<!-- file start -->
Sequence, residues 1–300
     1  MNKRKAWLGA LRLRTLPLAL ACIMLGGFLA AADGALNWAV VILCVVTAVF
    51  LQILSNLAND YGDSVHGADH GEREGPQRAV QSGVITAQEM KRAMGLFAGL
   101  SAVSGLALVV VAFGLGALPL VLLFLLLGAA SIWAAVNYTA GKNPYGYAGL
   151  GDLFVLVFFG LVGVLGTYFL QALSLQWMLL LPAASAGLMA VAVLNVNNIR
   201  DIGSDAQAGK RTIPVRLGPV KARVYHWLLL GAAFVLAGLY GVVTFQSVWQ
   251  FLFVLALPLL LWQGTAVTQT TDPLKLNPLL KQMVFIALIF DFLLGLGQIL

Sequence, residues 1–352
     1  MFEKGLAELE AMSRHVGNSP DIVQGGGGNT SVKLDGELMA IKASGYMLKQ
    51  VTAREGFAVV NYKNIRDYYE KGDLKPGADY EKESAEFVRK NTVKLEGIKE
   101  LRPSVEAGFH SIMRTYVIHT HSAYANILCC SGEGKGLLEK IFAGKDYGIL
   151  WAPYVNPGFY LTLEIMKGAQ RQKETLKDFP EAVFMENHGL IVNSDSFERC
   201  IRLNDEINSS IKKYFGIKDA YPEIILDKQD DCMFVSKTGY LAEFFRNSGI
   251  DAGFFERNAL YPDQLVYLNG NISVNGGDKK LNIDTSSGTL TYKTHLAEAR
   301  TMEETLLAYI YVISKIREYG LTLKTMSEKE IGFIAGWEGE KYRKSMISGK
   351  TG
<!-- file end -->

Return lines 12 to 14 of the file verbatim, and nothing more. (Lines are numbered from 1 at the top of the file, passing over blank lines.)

   151  WAPYVNPGFY LTLEIMKGAQ RQKETLKDFP EAVFMENHGL IVNSDSFERC
   201  IRLNDEINSS IKKYFGIKDA YPEIILDKQD DCMFVSKTGY LAEFFRNSGI
   251  DAGFFERNAL YPDQLVYLNG NISVNGGDKK LNIDTSSGTL TYKTHLAEAR